"I believe funding (or a lack of) from the State of Illinois will continue to be a major issue and I believe that situation will continue to get worse," Sandiford said.
"I believe my background as a banker will be beneficial in looking at all of the financial factors," he said. "As a loan officer as well as an investment advisor representative I have worked in the world of fiduciary responsibility for the past two decades."
As an elected official, Sandiford said he will be responsible to the taxpayers that elected him, the parents that trust their children to Robinson schools, to the administration the board works with to maintain and improve the district and to the teachers employed by Unit 2. "I believe all sides need to work together to give our kids the very best education possible," he explained.
Sandiford has two sons who graduated from Robinson High School and went on to get their engineering degrees. One has been accepted into a graduate school program. He also has a step-son that is a sophomore at RHS.
"I am thrilled with the education all of them have received," he said, adding he has "the utmost respect for the existing Robinson school board as well as those in the past with their efforts to educate our youth."
Those efforts are likely to become more difficult unless the situation in Springfield changes.
With two of the three seated board members not seeking re-election there will be a change to the board makeup, Sandiford pointed out. Change leads to uncertainty about the future, as does the discouraging financial state crisis, but he is optimistic.
"I believe I can have a positive impact on the board," Sandiford said. "If I didn't feel I could make a difference for the better, I would not have made the decision to run."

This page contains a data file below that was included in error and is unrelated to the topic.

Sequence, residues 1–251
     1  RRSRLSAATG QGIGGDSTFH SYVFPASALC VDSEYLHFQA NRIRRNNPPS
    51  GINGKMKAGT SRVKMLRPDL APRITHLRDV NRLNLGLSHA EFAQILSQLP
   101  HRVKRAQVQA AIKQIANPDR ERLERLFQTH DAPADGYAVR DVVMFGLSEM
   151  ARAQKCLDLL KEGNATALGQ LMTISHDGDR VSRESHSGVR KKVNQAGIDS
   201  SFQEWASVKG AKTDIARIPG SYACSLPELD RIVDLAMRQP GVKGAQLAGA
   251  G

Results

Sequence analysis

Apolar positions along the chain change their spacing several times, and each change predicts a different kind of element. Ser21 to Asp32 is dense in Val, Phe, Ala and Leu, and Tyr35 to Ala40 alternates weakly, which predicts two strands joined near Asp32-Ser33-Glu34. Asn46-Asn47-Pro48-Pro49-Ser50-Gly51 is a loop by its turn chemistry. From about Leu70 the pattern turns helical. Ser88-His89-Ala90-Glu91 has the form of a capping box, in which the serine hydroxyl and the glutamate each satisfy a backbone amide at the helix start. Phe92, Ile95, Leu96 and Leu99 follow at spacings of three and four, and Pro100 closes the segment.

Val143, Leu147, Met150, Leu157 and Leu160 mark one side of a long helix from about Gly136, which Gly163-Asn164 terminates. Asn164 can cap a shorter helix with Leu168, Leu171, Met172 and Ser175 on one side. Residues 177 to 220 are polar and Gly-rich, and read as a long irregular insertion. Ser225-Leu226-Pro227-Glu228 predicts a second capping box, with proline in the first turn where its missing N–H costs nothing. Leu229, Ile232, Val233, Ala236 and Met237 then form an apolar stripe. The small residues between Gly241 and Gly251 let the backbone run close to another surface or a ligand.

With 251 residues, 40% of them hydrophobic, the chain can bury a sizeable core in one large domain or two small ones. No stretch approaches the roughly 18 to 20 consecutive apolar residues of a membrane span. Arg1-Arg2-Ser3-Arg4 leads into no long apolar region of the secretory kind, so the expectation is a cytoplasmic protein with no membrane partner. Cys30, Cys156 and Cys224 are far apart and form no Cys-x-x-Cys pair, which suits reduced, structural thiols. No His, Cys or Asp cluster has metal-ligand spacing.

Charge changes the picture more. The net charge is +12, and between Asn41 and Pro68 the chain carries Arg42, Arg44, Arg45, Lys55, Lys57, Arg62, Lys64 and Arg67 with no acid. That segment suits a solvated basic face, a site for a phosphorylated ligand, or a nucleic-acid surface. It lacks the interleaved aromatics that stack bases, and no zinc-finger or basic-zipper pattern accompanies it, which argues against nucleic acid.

Sandiford considers himself fortunate to work at First Robinson Savings Bank. "They have allowed me to volunteer as well as serve on a variety of boards and organizations for my entire career," he said. "And during that time I had the opportunity to help several groups with our Friday cookouts."
Brown believes his business experience wil be beneficial in dealing with Unit 2's finances.
Brown was an employee of White Construction for 12 years, working at the Marathon refinery. He began as a crane operator before becoming the site manager.
He became an owner of SENCO Construction Inc. in 2012 and is now its chief executive officer.
"I believe with the experience of owning my own business I can certainly help Unit 2 in working towards a balanced budget," he said. "I of course know the focus of the board, administrators and every teacher has to be children first. This has to be the ultimate responsibility of everyone involved in education and would also be mine if elected.
"I, like all candidates and current board members, have a passion for our children and their overall growth to become citizens who are able to effectively contribute to society," Brown added. "With the great teachers and administrators we have, we are giving our youth all of the tools they will need in the future.
"I am also interested in better understanding property taxes," he added. "Property taxes have continued to increase in recent years and the goal should be taxes that are fair to everyone."
Editior's Note: This story was written based on answers to questionnaires sent to the candidates. Additional information came from a recent candidates' forum sponsored by the Community Unit Two Education Association, which used questions found by a CUTEA committee on websites of the Illinois State Board of Education and the Illinois School Board Association, as well as a PTA forum.